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Re: Emacs contributions, C and Lisp

From: Jacob Bachmeyer
Subject: Re: Emacs contributions, C and Lisp
Date: Sat, 17 Jan 2015 21:40:48 -0600
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David Kastrup wrote:
Jacob Bachmeyer <address@hidden> writes
David Kastrup wrote:
Jacob Bachmeyer <address@hidden> writes:
Richard Stallman wrote
[[[ To any NSA and FBI agents reading my email: please consider    ]]]
[[[ whether defending the US Constitution against all enemies,     ]]]
[[[ foreign or domestic, requires you to follow Snowden's example. ]]]

The situation with Emacs will be the same as it is with GCC now:
plug-ins have to be GPL.

This illuminates the central question at hand:  if an Emacs plugin is
GPL, and provides access to internals of GCC, which is also GPL, can
nonfree software use that Emacs plugin?

That's not the central question at hand.  The central question is: if an
Emacs plugin can provide access to internals of GCC, what keeps nonfree
software from using the same mechanism as the Emacs plugin to get access
to internals of GCC?

What stops nonfree software from doing that is that the mechanism used
to get access to internals of GCC is very low-level (using ptrace(2)
to directly access GCC's memory would not be out of the question) and
transfers GCC internal structures over the link, which are interpreted
within the Emacs process.  According to the GPL FAQ:  "Using shared
memory to communicate with complex data structures is pretty much
equivalent to dynamic
I expect that GCC's internal trees qualify as "complex data
structures".  There is certainly not a nice, readable, text AST dump
involved at any point.

So gdb has to be licensed identically with any program you debug using
it because it is accessing the respective program's memory?

No, because GDB is not, itself, communicating with the target using complex data structures. A program that uses GDB to inspect some GPL target and interprets complex data structures from that target might bring the GPL into the picture, but GDB itself is merely a conduit in this picture. The OS kernel that implements ptrace does not have to be licensed identically to the program being debugged, either.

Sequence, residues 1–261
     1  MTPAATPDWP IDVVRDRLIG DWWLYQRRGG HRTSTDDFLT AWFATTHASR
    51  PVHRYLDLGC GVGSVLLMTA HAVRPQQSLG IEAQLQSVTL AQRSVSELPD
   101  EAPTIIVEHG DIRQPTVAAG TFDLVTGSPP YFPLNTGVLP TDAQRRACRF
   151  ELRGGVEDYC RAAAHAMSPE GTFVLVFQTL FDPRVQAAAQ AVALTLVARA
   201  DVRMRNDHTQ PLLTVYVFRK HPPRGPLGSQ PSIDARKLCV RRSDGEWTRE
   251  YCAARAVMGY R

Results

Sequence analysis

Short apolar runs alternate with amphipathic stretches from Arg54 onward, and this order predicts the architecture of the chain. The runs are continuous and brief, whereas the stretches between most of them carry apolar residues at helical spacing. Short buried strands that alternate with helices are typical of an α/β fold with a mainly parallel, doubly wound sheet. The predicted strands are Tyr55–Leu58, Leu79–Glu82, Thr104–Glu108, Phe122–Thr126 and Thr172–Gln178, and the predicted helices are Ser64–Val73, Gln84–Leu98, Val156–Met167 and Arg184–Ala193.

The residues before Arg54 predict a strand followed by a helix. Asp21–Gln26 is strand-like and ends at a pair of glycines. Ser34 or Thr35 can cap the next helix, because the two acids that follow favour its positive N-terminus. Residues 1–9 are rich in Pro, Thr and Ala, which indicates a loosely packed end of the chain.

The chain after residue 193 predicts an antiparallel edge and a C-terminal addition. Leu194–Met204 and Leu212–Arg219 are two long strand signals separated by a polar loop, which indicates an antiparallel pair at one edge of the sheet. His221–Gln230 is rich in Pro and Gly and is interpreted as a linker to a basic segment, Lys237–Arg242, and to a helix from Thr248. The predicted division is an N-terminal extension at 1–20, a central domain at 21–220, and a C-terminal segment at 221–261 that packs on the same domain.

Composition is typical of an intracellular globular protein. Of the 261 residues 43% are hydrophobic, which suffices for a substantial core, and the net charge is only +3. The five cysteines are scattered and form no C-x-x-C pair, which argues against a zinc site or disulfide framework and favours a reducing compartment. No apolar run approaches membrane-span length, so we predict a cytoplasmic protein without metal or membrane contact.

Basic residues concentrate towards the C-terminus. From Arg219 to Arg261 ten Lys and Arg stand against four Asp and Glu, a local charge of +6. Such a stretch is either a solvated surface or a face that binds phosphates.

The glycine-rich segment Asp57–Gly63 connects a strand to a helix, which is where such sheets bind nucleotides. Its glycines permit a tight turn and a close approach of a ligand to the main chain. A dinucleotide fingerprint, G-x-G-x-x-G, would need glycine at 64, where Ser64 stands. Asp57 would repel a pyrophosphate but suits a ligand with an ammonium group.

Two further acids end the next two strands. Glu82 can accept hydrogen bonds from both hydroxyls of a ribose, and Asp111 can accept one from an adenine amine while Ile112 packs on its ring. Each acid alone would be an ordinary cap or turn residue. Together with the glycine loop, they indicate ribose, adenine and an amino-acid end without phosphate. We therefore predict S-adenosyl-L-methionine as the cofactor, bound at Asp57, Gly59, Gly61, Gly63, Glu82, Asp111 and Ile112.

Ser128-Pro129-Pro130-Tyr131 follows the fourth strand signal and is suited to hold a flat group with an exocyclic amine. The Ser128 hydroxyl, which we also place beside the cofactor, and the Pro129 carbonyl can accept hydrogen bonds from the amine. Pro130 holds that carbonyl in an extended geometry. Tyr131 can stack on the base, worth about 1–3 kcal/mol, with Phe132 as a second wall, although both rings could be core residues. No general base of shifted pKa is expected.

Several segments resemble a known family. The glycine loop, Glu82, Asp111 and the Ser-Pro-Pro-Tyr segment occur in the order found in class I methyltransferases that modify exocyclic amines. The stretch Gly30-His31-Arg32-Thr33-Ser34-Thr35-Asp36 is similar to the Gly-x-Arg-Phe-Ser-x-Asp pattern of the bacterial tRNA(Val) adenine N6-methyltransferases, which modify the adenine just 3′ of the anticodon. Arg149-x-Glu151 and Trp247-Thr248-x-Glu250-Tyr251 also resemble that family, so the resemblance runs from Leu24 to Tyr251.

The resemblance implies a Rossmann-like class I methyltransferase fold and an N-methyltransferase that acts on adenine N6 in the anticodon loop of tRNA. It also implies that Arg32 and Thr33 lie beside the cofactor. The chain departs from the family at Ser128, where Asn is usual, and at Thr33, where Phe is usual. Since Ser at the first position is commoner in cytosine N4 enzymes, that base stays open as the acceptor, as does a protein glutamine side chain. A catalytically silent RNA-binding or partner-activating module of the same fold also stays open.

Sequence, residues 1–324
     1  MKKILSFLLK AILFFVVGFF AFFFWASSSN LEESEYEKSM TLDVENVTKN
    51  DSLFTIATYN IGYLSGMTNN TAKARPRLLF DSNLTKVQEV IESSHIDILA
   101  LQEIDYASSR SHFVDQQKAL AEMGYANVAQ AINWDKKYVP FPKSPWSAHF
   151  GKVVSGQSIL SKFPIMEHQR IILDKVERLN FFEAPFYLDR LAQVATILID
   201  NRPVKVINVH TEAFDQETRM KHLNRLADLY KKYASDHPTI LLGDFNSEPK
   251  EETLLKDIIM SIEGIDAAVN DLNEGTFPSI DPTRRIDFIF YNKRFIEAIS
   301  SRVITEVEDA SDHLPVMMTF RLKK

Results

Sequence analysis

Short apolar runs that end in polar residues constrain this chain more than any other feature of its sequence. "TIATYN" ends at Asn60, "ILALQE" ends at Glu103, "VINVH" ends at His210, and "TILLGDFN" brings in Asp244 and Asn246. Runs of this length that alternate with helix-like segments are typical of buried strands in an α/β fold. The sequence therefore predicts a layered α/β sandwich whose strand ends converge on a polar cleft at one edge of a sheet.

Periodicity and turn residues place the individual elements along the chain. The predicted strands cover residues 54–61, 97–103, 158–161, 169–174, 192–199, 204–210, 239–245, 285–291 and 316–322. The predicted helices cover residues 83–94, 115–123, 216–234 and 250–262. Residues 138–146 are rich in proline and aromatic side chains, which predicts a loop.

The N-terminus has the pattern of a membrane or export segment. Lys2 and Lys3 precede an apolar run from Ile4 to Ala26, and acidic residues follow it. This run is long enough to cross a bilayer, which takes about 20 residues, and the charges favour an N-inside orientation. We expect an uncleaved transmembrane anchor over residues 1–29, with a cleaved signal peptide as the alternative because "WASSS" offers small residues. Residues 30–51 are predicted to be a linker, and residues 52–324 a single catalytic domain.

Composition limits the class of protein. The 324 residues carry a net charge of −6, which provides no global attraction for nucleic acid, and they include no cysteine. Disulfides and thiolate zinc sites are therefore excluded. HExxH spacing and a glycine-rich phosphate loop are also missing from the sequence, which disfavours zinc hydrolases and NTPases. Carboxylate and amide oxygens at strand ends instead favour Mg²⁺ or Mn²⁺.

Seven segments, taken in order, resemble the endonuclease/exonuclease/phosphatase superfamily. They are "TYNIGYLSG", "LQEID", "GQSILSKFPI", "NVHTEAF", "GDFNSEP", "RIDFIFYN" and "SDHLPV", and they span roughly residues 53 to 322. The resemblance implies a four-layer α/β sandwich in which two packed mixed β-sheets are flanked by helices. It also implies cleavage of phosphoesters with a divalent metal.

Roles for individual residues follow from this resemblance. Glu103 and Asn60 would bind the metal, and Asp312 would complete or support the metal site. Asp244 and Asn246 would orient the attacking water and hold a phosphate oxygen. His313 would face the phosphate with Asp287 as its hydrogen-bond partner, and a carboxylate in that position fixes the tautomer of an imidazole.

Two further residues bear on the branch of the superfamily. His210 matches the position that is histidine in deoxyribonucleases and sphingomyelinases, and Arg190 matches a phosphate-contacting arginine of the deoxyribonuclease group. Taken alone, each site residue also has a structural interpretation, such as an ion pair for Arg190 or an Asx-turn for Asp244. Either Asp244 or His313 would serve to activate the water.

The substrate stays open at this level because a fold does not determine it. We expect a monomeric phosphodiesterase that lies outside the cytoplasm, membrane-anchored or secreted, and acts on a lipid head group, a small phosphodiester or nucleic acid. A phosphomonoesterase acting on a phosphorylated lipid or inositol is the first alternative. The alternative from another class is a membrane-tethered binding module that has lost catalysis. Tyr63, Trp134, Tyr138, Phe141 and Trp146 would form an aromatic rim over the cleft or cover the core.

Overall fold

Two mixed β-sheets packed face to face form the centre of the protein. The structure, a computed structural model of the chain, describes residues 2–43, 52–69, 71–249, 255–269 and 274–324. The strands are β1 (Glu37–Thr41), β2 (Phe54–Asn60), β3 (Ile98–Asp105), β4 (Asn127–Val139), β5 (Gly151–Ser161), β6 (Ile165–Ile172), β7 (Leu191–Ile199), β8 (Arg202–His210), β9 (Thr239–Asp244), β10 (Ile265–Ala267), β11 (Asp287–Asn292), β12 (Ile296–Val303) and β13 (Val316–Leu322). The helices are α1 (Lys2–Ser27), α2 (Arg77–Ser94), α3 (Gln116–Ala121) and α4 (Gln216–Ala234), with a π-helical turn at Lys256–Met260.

At any rate, does not sound like an interface one could keep steady
across different GCC versions.  To make that the case, you need
something describing the internals' meaning, akin to how debug
information describes memory layout.  Once you have that kind of "my raw
memory means $x" description, this constitutes an interface.  Possibly
an awkward interface, but that's not legally significant.

That's the point--the interface between the underlying processes is not stable across GCC versions and the "description" of the internals' meaning comes in the form of a C DSO that Emacs can load to get Emacs Lisp bindings to GCC's own API for accessing these structures. The "description" is a program component that must be combined with any program that uses it. Reverse engineering one version of the interface would allow non-free software to use that version of GCC, yes, but doing that repeatedly as GCC changes, without it ever becoming a derived work, would quickly become more expensive than simply writing a new parser. Especially since the two halves of the link plugin are only required to talk to each other, and are built together, so they can change easily. The link protocol could even be made polymorphic in some way, so that every pair of binaries built would have a subtly different link protocol.

The price for interoperation is interoperation.  And since it is
rather more than less important for free as opposed to proprietary
software that independent teams can create cooperating applications,
I don't see that it makes sense for us not to pay that price.  And
the latest point to which we can delay this is when a concrete
application is imminent.

We can't guarantee that such an application will be successful if we
allow it.  But it will definitely fail if we don't.

You are right, which is why I am seeking a workable solution that all
can be happy with.

It sounds to me like we are looking for a snakeoil bottle label text
that will placate Richard and/or ourselves for some while so that we
might carry on a bit.  But I don't think we can terminally avoid dealing
with the fact that we cannot achieve interoperation between separate
free software applications without enabling interoperation with separate
nonfree software that does not trigger copyright.

And our limited and distributed resources and skills as free software
developers mean that our success depends on interoperation within free
software.  We can't afford this process every time we want something to
work together.

We are at a point where continued inaction will eventually make GNU irrelevant, the right action will put GNU far ahead of all the others for the foreseeable future, and the wrong action will... well, extending the metaphor about the defensive wall around our city that RMS has used, the wrong action could destroy our defensive wall entirely.

It is very important that we find and carry out the right action.

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